Dc Voltage Insulating Properties of Various Inorganic Materials in Hydrogen Atmosphere at High Temperatures

Koichi Takahashi, Nobuko Hanada, Masayoshi Ishida

Research output: Contribution to journalArticle

1 Citation (Scopus)

Abstract

In this study, the dc voltage insulating properties in a hydrogen atmosphere at high temperatures (600 °C to 850 °C) were evaluated for alumina (Al2O3), magnesia (MgO), silicon nitride (Si3N4), and mica (KMg3(Si3Al)O10(OH)2) to comprehend the difference in the insulating properties of oxide, nitride, and minerals. The activation energies of the electrical conductivity of alumina and magnesia in hydrogen were larger than those in air. On the other hand, the electrical conduction values for silicon nitride and mica in hydrogen were the same as those in air. Therefore a low oxygen partial pressure would have some influence on the electrical conduction of oxides. Increasing the temperature did not result in a large change in the electrical conduction mechanism in any of the materials in either atmosphere. The maximum partial discharge (PD) in hydrogen tended to increase compared to that in air at high voltage. The applied voltage at which the maximum amount of PD started to increase rapidly became lower with increasing temperature in all materials and in both atmospheres. The total amount of PD tended to decrease with increasing temperature in all materials and in both atmospheres. However, above a certain temperature, the total amount of PD either increased or showed a slight decrease.

Original languageEnglish
Pages (from-to)1-8
Number of pages8
JournalElectrical Engineering in Japan (English translation of Denki Gakkai Ronbunshi)
Volume193
Issue number4
DOIs
Publication statusPublished - 2015 Dec 1
Externally publishedYes

Fingerprint

Partial discharges
Hydrogen
Electric potential
Magnesia
Mica
Silicon nitride
Alumina
Temperature
Air
Oxides
Nitrides
Partial pressure
Minerals
Activation energy
Oxygen

Keywords

  • dc voltage insulating property
  • high temperature
  • hydrogen
  • inorganic material
  • partial discharge
  • solid oxide fuel cell

ASJC Scopus subject areas

  • Energy Engineering and Power Technology
  • Electrical and Electronic Engineering

Cite this

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title = "Dc Voltage Insulating Properties of Various Inorganic Materials in Hydrogen Atmosphere at High Temperatures",
abstract = "In this study, the dc voltage insulating properties in a hydrogen atmosphere at high temperatures (600 °C to 850 °C) were evaluated for alumina (Al2O3), magnesia (MgO), silicon nitride (Si3N4), and mica (KMg3(Si3Al)O10(OH)2) to comprehend the difference in the insulating properties of oxide, nitride, and minerals. The activation energies of the electrical conductivity of alumina and magnesia in hydrogen were larger than those in air. On the other hand, the electrical conduction values for silicon nitride and mica in hydrogen were the same as those in air. Therefore a low oxygen partial pressure would have some influence on the electrical conduction of oxides. Increasing the temperature did not result in a large change in the electrical conduction mechanism in any of the materials in either atmosphere. The maximum partial discharge (PD) in hydrogen tended to increase compared to that in air at high voltage. The applied voltage at which the maximum amount of PD started to increase rapidly became lower with increasing temperature in all materials and in both atmospheres. The total amount of PD tended to decrease with increasing temperature in all materials and in both atmospheres. However, above a certain temperature, the total amount of PD either increased or showed a slight decrease.",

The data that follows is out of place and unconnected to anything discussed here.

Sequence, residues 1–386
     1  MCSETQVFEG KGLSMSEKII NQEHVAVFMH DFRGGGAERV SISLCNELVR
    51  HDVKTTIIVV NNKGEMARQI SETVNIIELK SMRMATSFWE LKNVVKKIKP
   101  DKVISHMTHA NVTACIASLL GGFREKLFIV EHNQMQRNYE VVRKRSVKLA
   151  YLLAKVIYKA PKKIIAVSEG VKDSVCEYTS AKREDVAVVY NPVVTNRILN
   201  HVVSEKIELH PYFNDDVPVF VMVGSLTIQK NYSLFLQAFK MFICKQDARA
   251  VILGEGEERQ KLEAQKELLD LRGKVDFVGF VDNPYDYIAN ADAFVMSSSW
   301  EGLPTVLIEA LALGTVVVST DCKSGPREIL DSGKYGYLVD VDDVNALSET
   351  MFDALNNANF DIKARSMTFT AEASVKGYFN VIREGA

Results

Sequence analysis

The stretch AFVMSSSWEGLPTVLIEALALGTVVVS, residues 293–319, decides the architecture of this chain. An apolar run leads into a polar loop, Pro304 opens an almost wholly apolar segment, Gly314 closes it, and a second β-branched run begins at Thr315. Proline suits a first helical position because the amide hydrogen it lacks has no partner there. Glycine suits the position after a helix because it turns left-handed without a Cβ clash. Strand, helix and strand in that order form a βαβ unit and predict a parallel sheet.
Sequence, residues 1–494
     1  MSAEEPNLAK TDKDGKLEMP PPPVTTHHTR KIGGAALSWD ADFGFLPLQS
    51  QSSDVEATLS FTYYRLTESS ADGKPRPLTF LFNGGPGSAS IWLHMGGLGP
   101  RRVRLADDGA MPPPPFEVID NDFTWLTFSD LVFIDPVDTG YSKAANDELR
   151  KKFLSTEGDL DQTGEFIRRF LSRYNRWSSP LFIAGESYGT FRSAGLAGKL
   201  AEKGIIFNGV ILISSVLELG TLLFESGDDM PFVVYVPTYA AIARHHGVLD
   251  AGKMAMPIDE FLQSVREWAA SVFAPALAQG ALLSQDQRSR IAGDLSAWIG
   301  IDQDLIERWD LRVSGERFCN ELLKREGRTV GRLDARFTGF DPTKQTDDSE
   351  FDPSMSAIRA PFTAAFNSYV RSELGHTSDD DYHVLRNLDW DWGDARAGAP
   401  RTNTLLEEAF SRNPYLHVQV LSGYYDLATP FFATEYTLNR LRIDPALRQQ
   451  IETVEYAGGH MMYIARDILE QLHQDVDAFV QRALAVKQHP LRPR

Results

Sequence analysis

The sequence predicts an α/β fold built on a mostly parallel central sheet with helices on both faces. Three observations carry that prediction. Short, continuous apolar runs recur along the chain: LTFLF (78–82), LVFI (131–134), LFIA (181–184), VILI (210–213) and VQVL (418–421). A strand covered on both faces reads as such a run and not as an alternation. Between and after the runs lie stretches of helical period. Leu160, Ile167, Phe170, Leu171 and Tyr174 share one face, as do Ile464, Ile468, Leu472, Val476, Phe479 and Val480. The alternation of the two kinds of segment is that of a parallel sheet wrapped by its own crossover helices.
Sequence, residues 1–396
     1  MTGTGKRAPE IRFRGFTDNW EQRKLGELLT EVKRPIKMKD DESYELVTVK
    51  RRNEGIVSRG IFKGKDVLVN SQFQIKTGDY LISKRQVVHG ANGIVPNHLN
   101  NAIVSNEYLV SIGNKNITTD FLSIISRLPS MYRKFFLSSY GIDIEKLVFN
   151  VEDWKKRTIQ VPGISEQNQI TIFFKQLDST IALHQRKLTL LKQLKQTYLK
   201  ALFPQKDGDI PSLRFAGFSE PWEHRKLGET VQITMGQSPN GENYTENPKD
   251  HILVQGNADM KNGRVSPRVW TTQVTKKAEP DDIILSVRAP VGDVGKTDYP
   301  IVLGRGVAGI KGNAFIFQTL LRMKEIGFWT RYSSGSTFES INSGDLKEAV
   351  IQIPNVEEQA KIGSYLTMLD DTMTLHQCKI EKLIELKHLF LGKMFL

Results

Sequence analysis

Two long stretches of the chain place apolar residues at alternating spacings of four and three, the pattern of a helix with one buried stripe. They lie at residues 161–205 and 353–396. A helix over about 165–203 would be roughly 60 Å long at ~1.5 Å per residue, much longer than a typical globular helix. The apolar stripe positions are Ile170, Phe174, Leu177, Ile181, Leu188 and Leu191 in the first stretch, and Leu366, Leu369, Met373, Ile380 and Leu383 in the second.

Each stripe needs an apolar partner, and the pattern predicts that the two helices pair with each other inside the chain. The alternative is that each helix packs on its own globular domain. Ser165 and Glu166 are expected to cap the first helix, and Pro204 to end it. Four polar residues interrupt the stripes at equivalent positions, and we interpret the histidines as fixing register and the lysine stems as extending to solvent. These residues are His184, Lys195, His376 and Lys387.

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AB - In this study, the dc voltage insulating properties in a hydrogen atmosphere at high temperatures (600 °C to 850 °C) were evaluated for alumina (Al2O3), magnesia (MgO), silicon nitride (Si3N4), and mica (KMg3(Si3Al)O10(OH)2) to comprehend the difference in the insulating properties of oxide, nitride, and minerals. The activation energies of the electrical conductivity of alumina and magnesia in hydrogen were larger than those in air. On the other hand, the electrical conduction values for silicon nitride and mica in hydrogen were the same as those in air. Therefore a low oxygen partial pressure would have some influence on the electrical conduction of oxides. Increasing the temperature did not result in a large change in the electrical conduction mechanism in any of the materials in either atmosphere. The maximum partial discharge (PD) in hydrogen tended to increase compared to that in air at high voltage. The applied voltage at which the maximum amount of PD started to increase rapidly became lower with increasing temperature in all materials and in both atmospheres. The total amount of PD tended to decrease with increasing temperature in all materials and in both atmospheres. However, above a certain temperature, the total amount of PD either increased or showed a slight decrease.

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